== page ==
reply to post by SRTkid86
I'm reading a book, Holographic Universe by Michael Talbot. made many references to the work of David Bohm and Karl Pribram in this book, one
of which was according to Bohm, the apparent faster-than-light connection between subatomic particles is really telling us that there is a deeper
level of reality we are not privy to, a more complex dimension beyond our own that is analogous to the aquarium. And, he adds, we view objects such as
subatomic particles as separate from one another because we are seeing only a portion of their reality.
Such particles are not separate "parts", but facets of a deeper and more underlying unity that is ultimately as holographic and indivisible as the
previously mentioned rose. And since everything in physical reality is comprised of these "eidolons", the universe is itself a projection, a
In addition to its phantomlike nature, such a universe would possess other rather startling features. If the apparent separateness of subatomic
particles is illusory, it means that at a deeper level of reality all things in the universe are infinitely interconnected.
The electrons in a carbon atom in the human brain are connected to the subatomic particles that comprise every salmon that swims, every heart that
beats, and every star that shimmers in the sky.
Everything interpenetrates everything, and although human nature may seek to categorize and pigeonhole and subdivide, the various phenomena of the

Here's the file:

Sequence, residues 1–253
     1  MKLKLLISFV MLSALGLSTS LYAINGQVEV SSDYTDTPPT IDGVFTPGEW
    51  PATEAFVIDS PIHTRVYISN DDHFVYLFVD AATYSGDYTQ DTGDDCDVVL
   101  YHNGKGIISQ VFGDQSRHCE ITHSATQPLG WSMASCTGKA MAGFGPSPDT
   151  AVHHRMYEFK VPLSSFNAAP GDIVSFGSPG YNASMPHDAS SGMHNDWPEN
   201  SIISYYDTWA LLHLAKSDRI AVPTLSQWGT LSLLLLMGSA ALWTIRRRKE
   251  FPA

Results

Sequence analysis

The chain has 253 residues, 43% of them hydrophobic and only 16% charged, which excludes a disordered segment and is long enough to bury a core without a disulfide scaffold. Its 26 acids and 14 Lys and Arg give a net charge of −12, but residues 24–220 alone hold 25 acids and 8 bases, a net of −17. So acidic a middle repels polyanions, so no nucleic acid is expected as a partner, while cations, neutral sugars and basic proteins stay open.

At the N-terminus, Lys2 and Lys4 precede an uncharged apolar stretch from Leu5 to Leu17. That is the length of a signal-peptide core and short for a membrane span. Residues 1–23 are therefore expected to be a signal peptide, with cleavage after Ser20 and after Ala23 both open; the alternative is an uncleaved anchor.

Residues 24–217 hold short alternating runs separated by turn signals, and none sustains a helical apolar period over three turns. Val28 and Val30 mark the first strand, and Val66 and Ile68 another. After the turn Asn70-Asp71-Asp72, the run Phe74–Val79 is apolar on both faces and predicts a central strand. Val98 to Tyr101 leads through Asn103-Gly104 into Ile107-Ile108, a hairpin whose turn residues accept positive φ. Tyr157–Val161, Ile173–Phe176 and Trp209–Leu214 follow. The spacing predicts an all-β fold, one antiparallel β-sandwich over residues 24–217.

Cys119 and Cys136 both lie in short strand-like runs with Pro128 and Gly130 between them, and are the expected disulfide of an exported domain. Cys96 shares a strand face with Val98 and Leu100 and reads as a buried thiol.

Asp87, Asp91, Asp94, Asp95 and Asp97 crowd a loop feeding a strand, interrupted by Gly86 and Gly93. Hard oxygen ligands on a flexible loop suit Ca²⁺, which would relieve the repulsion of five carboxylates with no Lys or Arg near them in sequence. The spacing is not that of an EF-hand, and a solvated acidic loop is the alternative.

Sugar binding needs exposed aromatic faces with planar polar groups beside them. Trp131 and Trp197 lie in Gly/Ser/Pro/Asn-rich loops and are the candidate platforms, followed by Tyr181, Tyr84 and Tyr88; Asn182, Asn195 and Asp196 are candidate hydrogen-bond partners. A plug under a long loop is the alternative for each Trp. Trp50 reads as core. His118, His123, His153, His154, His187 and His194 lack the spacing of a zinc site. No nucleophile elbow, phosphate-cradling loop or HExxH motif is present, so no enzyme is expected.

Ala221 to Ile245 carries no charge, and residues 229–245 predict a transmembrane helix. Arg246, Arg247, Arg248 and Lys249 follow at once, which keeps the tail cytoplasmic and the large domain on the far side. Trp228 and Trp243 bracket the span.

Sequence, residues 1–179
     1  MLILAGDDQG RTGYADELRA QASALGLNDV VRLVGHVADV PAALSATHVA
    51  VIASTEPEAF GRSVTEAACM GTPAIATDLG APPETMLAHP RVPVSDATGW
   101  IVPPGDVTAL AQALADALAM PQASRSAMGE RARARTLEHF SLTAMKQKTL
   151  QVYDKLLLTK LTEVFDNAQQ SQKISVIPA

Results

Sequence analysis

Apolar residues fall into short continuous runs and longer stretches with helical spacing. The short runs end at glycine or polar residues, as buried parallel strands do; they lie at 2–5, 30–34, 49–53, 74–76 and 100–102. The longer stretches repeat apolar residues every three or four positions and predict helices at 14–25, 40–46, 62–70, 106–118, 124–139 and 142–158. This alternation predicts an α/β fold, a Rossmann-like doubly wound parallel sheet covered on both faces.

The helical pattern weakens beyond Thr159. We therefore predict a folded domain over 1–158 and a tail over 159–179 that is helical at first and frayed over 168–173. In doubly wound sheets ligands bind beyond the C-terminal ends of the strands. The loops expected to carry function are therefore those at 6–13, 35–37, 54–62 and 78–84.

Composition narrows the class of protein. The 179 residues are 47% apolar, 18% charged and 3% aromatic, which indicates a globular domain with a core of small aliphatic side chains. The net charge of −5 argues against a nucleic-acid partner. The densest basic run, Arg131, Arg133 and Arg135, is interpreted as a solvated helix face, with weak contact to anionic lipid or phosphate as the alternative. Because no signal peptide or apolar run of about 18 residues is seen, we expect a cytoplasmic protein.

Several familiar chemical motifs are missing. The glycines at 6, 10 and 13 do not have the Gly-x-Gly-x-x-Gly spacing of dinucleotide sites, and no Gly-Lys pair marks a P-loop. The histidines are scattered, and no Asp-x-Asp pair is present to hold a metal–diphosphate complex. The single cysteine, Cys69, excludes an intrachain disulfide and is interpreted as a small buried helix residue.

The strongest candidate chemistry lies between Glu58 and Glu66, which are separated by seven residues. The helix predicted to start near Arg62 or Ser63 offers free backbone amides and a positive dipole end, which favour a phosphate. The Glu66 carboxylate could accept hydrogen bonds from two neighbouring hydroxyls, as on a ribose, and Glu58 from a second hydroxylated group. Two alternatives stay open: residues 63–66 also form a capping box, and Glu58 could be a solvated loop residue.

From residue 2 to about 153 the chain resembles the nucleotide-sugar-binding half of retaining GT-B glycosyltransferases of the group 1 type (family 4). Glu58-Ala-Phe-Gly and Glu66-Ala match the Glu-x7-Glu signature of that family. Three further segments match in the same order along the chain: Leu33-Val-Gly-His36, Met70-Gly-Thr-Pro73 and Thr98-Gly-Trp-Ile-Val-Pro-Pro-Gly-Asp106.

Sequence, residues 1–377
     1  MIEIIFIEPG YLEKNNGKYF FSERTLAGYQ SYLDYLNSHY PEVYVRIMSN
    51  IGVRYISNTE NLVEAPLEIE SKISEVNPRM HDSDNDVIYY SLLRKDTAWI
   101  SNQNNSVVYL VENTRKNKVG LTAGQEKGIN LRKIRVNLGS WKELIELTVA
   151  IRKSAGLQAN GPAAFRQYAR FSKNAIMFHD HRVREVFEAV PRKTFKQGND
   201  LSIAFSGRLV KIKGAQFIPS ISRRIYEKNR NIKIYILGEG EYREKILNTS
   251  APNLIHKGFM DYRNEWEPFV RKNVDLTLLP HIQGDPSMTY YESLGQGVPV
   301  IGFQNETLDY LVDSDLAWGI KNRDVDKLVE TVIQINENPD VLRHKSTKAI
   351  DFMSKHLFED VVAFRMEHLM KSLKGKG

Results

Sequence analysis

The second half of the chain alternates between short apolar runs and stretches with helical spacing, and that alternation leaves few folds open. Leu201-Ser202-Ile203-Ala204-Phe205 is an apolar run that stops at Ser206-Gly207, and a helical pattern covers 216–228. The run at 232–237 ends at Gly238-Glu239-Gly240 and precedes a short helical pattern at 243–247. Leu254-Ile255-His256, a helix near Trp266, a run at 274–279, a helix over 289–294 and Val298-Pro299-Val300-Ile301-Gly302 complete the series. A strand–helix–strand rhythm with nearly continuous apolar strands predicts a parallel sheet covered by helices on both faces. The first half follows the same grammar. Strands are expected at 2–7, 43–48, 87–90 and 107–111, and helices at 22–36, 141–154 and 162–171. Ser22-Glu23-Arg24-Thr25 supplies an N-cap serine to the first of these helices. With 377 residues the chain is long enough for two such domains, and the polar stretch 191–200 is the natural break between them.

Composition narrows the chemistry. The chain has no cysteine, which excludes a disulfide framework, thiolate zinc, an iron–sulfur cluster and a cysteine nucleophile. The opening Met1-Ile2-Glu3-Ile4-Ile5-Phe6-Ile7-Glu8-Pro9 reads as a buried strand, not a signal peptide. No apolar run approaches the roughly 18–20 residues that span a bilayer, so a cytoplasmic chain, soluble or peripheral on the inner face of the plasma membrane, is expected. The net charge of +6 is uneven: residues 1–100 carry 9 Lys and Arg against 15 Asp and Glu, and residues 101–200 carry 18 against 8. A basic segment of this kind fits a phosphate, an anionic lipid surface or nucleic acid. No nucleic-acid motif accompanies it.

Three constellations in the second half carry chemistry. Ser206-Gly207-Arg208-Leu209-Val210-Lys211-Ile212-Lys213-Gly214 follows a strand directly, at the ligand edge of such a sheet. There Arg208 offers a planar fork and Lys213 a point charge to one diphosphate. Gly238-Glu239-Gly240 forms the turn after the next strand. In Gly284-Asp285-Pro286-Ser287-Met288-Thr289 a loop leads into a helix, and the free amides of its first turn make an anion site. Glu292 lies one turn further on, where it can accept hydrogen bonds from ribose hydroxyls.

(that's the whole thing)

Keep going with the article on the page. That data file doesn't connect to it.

universe, all apportionments are of necessity artificial and all of nature is ultimately a seamless web.
In a holographic universe, even time and space could no longer be viewed as fundamentals. Because concepts such as location break down in a universe
in which nothing is truly separate from anything else, time and three-dimensional space, like the images of the fish on the TV monitors, would also
have to be viewed as projections of this deeper order.
At its deeper level reality is a sort of superhologram in which the past, present, and future all exist simultaneously. This suggests that given the
proper tools it might even be possible to someday reach into the superholographic level of reality and pluck out scenes from the long-forgotten past.
What else the superhologram contains is an open-ended question. Allowing, for the sake of argument, that the superhologram is the matrix that has
given birth to everything in our universe, at the very least it contains every subatomic particle that has been or will be -- every configuration of
matter and energy that is possible, from snowflakes to quasars, from bluü whales to gamma rays. It must be seen as a sort of cosmic storehouse of
"All That Is."
This book is going to take me awhile to absorb, for me it's pretty heady stuff and even though it's a older book and I'm sure more updated theories
are now out there, it's still a interesting read.